Monday, December 26, 2005
Preheat the oven to 350 degrees. Take one 3-4 pound broiler chicken. Remove the livers, necks, and other stuff in the body cavity (I freeze the chicken necks and use them for stock).
Create a rub for the chicken by combining the following: 1 clove garlic diced fine, 1 T kosher salt, ground black pepper, and about a teaspoon each of whatever spices you have on hand. I typically use minced parsley, rosemary, thyme, and marjoram. Stir in enough olive oil to make a thin paste (1 to 2 T, usually).
Place the chicken breast-side down in a roasting pan or other ovenproof disk (I use Pyrex baking pans) and smear a few teaspoons of the paste over the back and legs of the chicken. Turn the chicken over breast-up and coat the skin with the rest of the rub. Put in the 350 degree oven and bake 1-1/4 to 1-1/2 hours, until the cavity juices run clear. You may want to let it sit for 10 minutes or so before carving and serving.
It's about as simple as can be, but a roasted chicken is one of the those indescribably good comfort foods. My wife and I are nuts for the crispy, salty skin and usually peel off most of the breast skin well before the chicken makes to to the table.
Sidenote on selecting chickens: For years I've been using the regular 3-4 pound broilers when roasting chicken, probably because they are so cheap (less than $4 bucks, usually). The few times I've tried going upscale and purchasing one of those $7 to $10 roasters I have been bitterly disappointed. Everything I have read has said that roasters (which are larger and older birds) have better flavor than a broiler, and in a sense that is true in that the meat itself has a stronger flavor while a broiler tends to be very mild. But, my roasters have always come out with an unpleasant toughness to the meat, especially in the dark meat, which is my favorite part. I suspect it may be because of the lower fat-to-meat ratio, and fat's what make things tender and tasty.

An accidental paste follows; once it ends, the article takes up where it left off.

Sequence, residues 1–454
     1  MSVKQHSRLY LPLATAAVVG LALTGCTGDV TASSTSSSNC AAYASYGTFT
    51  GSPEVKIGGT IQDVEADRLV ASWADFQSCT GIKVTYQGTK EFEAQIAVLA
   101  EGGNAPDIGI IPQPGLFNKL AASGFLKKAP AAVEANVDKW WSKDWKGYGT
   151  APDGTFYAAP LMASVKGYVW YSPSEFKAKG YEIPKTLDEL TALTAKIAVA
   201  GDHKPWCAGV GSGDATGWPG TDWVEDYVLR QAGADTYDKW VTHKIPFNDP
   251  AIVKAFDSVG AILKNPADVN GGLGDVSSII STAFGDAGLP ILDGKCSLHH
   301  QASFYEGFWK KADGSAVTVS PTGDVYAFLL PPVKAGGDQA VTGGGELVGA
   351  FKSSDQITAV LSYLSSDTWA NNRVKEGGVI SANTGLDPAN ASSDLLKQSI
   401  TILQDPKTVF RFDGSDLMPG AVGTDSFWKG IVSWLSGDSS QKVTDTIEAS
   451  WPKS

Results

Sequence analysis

Part of me suspects the roaster may be, like grass-fed beef, one of those things where once you get used to the difference you begin to appreciate the tougher texture and stronger flavor. It's twice as expensive, after all, so surely it must be better? Perhaps in the name of gastronomy I should go for the roaster and teach myself to like it.
But I'm not going to. I'm sticking with the broiler. It's just so damn good.
Sunday, December 25, 2005
I don't know if it is true that the very first barbecue took place during
the Depression, when a man named Henry Perry put ketchup on some
cow ribs, dug an outdoor pit, and cooked them over it. What I do know
is that times have certainly changed.
The interesting thing is that in the midst one of the most colossally ignorant sentences that I have ever read, Newkirk actually mentions a real person from barbecue history. Henry Perry was born in Shelby, County, TN (the county in which Memphis is located) in 1875. He bounced around the Mississippi area for a while, working as a steamboat cook and kitchen hand, before settling in Kansas City in 1907. Long before the Depression (which Ms. Newkirk may not realize took place in the 1930s), he opened a barbecue stand in a Bank Street alley, where he cooked meat over a wood-filled pit dug into the ground, selling ribs wrapped in newspaper for 25 cents per slab. As his operation grew, Perry moved several times, winding up in an old trolley barn at 19th and Highland. Several of Kansas City’s legendary barbecue men apprenticed under Perry, including George Gates and Charlie Bryant. In the 1940s, Gates took what he learned and opened his own restaurant with a partner; he later passed his knowledge down to his son Ollie, who opened Gates & Son Barbecue at 47th and Prospect, which is now one of the legends of the Kansas City Barbecue scene. Charlie Bryant purchased Henry Perry’s restaurant and ran it along with his brother Arthur. In 1946 Charlie retired, and Arthur took over the restaurant, renaming it Arthur Bryant’s, covering the sawdust floors, and replacing the wooden tables with Formica-topped ones. It is today perhaps the most famous barbecue restaurant in the world.
So, how in the world did Newkirk get the name Henry Perry into this offhand statement that is otherwise blissfully free of any historical fact whatsoever (barbecue, for example, extends well back into the 16th century and was a key part of 19th Century American political and social culture)?
Judging from the few pages before and after that quote (all that Google Print will let me view--and I'm not about to shell out any cash to read more), the book also appears to subscribe to the notion that if we just really knew what it was we were eating we would swear off meat. Newkirk tells an anecdote about visiting a farm with a photographer from New York who finds out that the tongue in tongue sandwiches actually comes from--get this--a cow's tongue. ("I had a feeling things would never be the same again for her at lunchtime in Manhattan.") Who the hell over the age of 13 doesn't know that "tongue" is tongue? And where did we get this notion that if we only knew where our meat comes from we would all stop eating it? How many cattle farmers are vegetarians? How about all those people in the 19th Century who slaughtered their own animals and ate them?